Chikkamagaluru is also a convenient base to explore the hill station of Kemmanagundi, located 53 km away and surrounded by thick evergreen forests and coffee estates. It is known for its ornamental gardens and sylvan atmosphere. It is no wonder that the Mysore Maharaja Krishnarajendra Wodeyar IV chose this place as his summer camp.
The area is littered with waterfalls such as Hebbe, located just 8 km from Kemmanagundi amidst fascinating scenery. The other falls is Kalhatti, which has associations with the sage Agastya. There is a temple, supposedly built during Vijaya Nagara time, situated in a narrow gap between rocks. You can also trek to Z-Point, a splendid place to watch sunsets.
Mullayyanagiri, the highest peak in Karnataka
The next day, shivering in the biting cold, we set out at the crack of dawn. Heaving and panting, we clambered up to the top of Mullayyanagiri, the tallest peak in Karnataka (at 6,317 ft above sea level). We were treated to mesmerising views of majestic mountain passes. En route we stopped by Seethalayyangiri. A holy temple here adds to the spiritual ambience.
The temple at Seethalayyangiri
From here, you can look towards the Baba Budan hills, where Hazrat Dada Hayat Mir Khalander, a famous Muslim saint, first introduced coffee cultivation to these parts. In 1650 he smuggled a few berries of coffee from the famous port of Mocha, on his way back from Mecca. He planted them on the high ridges of the mountains that rise above Chikkamagaluru, giving India her first coffee plantations. Revered as Baba Budan for his healing powers, Mir Khalander made the mountain range his home and it came to be called after him. The Inam Dattatreya Peetha, which is venerated by Hindus and Muslims alike, is located in this range. A laterite cave is believed to have been sanctified by the residence of Dattatreya Swami as well as Mir Khalander. Both Muslims and Hindus celebrate the annual jatra or urus here with great aplomb.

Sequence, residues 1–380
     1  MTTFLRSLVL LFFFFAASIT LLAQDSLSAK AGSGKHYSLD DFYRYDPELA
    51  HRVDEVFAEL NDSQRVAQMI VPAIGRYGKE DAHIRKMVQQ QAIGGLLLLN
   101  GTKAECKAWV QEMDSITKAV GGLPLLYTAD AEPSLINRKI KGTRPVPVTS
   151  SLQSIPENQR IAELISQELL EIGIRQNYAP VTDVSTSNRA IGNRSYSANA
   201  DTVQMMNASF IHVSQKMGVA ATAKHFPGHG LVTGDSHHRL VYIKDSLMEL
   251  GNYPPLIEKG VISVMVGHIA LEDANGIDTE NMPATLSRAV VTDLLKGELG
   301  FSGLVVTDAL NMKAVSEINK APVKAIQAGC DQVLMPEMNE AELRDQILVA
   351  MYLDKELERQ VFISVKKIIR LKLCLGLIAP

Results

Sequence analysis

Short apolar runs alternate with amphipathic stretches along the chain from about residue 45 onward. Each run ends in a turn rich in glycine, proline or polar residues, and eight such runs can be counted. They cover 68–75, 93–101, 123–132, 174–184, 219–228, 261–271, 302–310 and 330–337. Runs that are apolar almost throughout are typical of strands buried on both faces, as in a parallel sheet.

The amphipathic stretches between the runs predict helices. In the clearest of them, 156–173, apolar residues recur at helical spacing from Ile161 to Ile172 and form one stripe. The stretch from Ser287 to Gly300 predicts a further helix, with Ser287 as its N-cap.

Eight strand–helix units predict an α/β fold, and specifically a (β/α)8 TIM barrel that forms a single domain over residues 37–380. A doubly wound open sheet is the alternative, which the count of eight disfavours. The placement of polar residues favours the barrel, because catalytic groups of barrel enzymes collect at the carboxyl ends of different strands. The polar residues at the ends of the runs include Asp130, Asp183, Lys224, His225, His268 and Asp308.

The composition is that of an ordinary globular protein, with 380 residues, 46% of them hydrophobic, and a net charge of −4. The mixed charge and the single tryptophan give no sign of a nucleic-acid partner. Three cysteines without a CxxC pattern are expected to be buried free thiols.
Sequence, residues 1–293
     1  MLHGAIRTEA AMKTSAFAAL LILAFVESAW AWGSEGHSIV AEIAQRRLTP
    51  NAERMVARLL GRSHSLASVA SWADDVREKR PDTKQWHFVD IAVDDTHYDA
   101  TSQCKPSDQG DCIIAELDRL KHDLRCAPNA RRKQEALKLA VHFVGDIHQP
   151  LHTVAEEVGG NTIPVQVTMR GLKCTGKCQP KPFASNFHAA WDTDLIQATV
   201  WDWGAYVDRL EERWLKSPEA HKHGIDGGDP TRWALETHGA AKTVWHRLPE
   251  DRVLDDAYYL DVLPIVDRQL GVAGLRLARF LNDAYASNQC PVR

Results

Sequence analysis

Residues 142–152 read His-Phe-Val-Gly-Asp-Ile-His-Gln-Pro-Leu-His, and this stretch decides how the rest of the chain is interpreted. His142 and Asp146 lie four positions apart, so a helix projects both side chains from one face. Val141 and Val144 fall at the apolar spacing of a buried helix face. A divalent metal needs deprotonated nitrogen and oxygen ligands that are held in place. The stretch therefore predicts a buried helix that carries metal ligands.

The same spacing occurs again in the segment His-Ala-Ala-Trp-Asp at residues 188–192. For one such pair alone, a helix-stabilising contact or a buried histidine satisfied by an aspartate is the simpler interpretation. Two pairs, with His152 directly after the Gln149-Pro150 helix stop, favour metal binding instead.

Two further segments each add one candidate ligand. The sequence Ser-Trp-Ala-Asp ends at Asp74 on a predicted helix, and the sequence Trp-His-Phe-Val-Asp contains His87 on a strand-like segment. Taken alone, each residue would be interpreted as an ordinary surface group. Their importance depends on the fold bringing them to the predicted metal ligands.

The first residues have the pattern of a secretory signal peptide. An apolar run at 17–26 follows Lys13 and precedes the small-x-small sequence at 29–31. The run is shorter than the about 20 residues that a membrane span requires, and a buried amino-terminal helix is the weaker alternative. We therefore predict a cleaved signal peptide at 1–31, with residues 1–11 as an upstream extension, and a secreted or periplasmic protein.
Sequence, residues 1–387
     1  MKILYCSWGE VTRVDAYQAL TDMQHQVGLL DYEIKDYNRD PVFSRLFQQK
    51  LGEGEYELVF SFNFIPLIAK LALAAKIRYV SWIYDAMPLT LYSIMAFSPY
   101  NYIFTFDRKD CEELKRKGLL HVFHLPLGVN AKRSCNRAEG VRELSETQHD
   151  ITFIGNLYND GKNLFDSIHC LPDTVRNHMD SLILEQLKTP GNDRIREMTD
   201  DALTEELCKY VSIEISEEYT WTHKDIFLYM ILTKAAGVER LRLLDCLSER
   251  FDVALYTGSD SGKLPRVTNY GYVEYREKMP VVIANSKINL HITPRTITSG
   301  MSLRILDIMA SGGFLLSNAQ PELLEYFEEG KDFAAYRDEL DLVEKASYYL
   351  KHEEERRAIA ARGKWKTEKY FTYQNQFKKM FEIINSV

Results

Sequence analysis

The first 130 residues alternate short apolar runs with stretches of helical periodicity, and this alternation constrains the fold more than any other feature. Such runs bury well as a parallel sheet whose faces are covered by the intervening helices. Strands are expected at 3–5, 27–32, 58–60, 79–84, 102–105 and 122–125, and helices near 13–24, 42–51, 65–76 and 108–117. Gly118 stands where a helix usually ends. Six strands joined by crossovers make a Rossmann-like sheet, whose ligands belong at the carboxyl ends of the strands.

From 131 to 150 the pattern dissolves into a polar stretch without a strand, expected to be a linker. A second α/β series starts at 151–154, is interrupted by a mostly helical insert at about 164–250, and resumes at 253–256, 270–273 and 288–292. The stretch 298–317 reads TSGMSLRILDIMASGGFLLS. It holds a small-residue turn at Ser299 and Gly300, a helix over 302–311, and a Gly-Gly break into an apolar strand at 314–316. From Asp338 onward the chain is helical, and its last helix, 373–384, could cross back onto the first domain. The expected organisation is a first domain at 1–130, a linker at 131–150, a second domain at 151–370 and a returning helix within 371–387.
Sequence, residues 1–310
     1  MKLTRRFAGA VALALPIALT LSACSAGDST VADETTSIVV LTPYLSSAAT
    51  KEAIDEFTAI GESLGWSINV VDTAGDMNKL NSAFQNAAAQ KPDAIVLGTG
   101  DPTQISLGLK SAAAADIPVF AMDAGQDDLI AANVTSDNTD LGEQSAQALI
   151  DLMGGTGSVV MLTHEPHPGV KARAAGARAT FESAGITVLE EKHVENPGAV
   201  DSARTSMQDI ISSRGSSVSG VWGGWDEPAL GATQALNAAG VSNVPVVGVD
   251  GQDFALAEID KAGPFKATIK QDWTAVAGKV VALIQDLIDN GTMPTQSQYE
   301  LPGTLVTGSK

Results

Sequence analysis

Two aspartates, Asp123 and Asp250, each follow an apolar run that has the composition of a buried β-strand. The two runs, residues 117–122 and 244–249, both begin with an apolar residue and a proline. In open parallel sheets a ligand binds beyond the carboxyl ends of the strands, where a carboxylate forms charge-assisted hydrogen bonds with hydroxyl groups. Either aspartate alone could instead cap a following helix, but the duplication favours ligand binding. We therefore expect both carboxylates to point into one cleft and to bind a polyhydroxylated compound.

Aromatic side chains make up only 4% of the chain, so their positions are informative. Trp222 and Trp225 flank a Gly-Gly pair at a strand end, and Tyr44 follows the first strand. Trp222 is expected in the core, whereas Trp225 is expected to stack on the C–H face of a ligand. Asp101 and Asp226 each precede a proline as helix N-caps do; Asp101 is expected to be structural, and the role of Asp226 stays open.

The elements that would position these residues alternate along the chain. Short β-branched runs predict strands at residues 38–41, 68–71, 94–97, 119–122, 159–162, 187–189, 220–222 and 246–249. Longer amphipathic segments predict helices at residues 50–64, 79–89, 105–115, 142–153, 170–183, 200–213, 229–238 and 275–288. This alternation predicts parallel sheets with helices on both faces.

The vanadevathe statue
On our last day at this charming getaway, we stopped by Siri Coffee, a coffee house at Siri Nature Roost, which stands to speak the proud history of the district. One cannot afford to miss the sculpture of a lady draped in greenery and decked with plants and flowers. The aesthetically carved statue of the vanadevathe is the most Instagrammed spot in Chikkamagaluru. She is Chikkamagaluru personified – she is nature, she gives all she has to you, all she asks in return is to keep her clean, green and ever flourishing.
Susheela Nair is an independent food, travel and lifestyle writer, and photographer based in Bangalore. She has contributed content, articles and images on food, travel, lifestyle, photography, environment and ecotourism to several reputed national publications. Her writings constitute a wide spectrum, including guide books, brochures and coffee table books.